Scottish EU remain campaign launches in Edinburgh
The official Scottish campaign to keep the UK in the European Union has been launched in Edinburgh.
Scotland Stronger in Europe's event featured the chairwoman of its advisory group, Prof Mona Siddiqui.
It coincides with the publication of a survey by the Scottish Chambers of Commerce indicating its members' support for EU membership.
Meanwhile, former SNP deputy leader Jim Sillars has called on nationalists to vote against the EU.
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Prof Siddiqui has pledged to ensure Scotland Stronger in Europe makes a "positive, factual, people-based" case for the EU.
Speaking at the launch, she said: "Our campaign is different from previous referendums in Scotland, and different from the Stronger In campaign in the rest of the UK.
"It doesn't include political parties, and instead we are looking to connect with people in their own communities, workplaces, trade unions, and civic organisations across Scotland.
"This week's endorsement for staying in Europe from the Scottish Council Development and Industry, for example - whose membership spans every sector and geography of Scotland's economy - is extremely welcome."
Prof Siddiqui added: "The economic case to stay in Europe and have full, guaranteed access to the single market is compelling, but the European Union also means a legacy of stability and security as well as prosperity.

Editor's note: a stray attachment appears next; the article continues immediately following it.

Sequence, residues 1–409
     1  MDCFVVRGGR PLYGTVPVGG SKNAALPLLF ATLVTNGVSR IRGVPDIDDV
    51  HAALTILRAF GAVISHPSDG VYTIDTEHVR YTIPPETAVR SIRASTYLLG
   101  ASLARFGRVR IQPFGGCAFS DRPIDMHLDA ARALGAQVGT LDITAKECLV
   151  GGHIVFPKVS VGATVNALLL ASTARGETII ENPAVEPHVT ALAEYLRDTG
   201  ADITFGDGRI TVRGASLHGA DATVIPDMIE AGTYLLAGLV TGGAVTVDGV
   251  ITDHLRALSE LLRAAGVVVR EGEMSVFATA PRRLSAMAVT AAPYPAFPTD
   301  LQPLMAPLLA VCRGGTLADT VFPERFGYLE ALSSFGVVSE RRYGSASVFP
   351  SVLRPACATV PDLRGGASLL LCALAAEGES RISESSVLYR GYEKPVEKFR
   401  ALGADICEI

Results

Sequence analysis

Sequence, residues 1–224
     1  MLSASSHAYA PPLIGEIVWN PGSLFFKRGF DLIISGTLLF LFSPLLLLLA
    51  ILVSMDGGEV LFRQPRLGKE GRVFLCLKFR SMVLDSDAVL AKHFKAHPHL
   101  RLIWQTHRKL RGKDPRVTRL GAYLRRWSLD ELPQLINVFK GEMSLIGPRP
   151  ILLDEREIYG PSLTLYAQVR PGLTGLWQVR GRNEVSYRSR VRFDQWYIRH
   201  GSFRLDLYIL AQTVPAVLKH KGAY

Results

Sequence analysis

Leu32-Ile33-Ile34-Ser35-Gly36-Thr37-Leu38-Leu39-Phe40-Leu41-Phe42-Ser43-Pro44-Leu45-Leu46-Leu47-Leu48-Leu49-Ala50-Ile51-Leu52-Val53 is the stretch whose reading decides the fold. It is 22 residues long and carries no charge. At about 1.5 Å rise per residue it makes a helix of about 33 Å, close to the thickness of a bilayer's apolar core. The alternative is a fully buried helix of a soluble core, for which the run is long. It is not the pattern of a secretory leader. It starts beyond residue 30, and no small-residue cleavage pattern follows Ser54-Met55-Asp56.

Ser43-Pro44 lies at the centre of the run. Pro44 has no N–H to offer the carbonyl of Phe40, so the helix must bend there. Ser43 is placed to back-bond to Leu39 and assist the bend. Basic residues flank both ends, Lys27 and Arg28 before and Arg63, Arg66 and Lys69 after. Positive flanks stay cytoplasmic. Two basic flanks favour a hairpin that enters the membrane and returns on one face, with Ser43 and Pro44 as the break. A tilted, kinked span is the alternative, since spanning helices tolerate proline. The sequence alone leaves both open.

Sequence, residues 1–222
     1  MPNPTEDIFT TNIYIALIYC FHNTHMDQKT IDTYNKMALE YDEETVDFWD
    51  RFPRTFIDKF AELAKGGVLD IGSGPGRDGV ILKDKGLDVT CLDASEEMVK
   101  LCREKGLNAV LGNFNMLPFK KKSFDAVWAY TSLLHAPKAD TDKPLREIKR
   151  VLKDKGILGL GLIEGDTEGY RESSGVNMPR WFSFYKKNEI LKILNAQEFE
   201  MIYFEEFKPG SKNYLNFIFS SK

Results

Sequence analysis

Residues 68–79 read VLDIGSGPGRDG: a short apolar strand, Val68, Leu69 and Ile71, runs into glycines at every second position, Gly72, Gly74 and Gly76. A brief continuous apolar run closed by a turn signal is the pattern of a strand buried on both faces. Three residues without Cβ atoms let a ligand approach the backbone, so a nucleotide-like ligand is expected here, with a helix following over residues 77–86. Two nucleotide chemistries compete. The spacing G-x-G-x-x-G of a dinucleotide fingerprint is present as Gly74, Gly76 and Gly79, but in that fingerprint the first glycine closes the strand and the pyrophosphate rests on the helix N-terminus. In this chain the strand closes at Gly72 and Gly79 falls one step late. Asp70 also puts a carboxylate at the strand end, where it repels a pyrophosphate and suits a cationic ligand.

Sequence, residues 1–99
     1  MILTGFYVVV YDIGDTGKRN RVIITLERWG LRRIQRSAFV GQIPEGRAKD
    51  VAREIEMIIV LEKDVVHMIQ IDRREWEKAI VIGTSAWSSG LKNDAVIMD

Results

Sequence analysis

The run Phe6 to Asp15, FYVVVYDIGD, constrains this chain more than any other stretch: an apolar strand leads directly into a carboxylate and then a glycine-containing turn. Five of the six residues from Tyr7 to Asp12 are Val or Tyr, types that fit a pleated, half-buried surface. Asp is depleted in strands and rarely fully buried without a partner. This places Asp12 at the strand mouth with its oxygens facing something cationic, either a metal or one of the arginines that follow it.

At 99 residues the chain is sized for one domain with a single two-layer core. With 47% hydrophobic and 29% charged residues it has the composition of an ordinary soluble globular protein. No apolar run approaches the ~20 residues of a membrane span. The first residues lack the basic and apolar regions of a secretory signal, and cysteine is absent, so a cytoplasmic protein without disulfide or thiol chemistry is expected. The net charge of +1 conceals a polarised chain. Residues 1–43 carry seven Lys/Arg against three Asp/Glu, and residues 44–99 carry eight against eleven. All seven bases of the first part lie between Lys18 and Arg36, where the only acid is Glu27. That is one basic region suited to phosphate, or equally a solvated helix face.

"The European Union has been a force for good in our continent and the wider world, and I hope and believe that the people of Scotland will vote to stay."
Also speaking at the launch event was Jayne-Anne Gadhia, CEO of Virgin Money, who warned that "people will be very materially worse off if we leave the UK".
She said there was a "clear" business and social justice case for remaining in the EU, adding "Scotland's economic prosperity is critically linked to equal access to the biggest single market in the world".
This was broadly backed by the results of a survey by the Scottish Chambers of Commerce on EU membership.
A total of 350 members responded. Continuing EU membership was backed by 68% of them, and opposed by 22%.
A UK-wide Chambers of Commerce survey also indicated backing for the remain case, although by a narrower margin.
The Vote Leave campaign said the survey showed businesses were rejecting the Remain campaign's "tactic of talking down Britain and its dynamic economy".
John Longworth, chairman of the camapign's business council and former director of the British Chambers of Commerce, said: "Business is not fearful of the referendum or the result. This is because they know it is safer to take back control and spend our money on our priorities."
'Barrier to aspirations'
Meanwhile, the campaign to leave the EU has been backed by veteran nationalist Jim Sillars.
Writing for Common Space, Mr Sillars described EU membership as "a barrier to our aspirations rather than a facilitator of them".
He added: "The question at the heart of this referendum is simple: do we want to continue being governed by an organisation we do not elect and cannot reject or do we want to bring democracy home, in exactly the way generations of nationalists have urged us to?
"If the UK comes out of the EU, then Scotland will be free of all EU interference in our domestic affairs, including on the issue of independence, where their past interventions have damaged our cause."